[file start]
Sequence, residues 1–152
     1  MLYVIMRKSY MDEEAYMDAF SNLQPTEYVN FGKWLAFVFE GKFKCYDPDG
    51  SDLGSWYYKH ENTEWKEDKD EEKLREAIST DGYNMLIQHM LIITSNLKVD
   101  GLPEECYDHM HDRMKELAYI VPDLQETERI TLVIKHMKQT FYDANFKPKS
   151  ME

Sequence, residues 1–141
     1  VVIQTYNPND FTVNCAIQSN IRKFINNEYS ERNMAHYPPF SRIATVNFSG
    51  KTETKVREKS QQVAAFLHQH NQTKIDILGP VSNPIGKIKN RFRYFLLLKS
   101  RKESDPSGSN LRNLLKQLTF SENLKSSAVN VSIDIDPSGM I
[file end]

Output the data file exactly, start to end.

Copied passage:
Sequence, residues 1–152
     1  MLYVIMRKSY MDEEAYMDAF SNLQPTEYVN FGKWLAFVFE GKFKCYDPDG
    51  SDLGSWYYKH ENTEWKEDKD EEKLREAIST DGYNMLIQHM LIITSNLKVD
   101  GLPEECYDHM HDRMKELAYI VPDLQETERI TLVIKHMKQT FYDANFKPKS
   151  ME

Sequence, residues 1–141
     1  VVIQTYNPND FTVNCAIQSN IRKFINNEYS ERNMAHYPPF SRIATVNFSG
    51  KTETKVREKS QQVAAFLHQH NQTKIDILGP VSNPIGKIKN RFRYFLLLKS
   101  RKESDPSGSN LRNLLKQLTF SENLKSSAVN VSIDIDPSGM I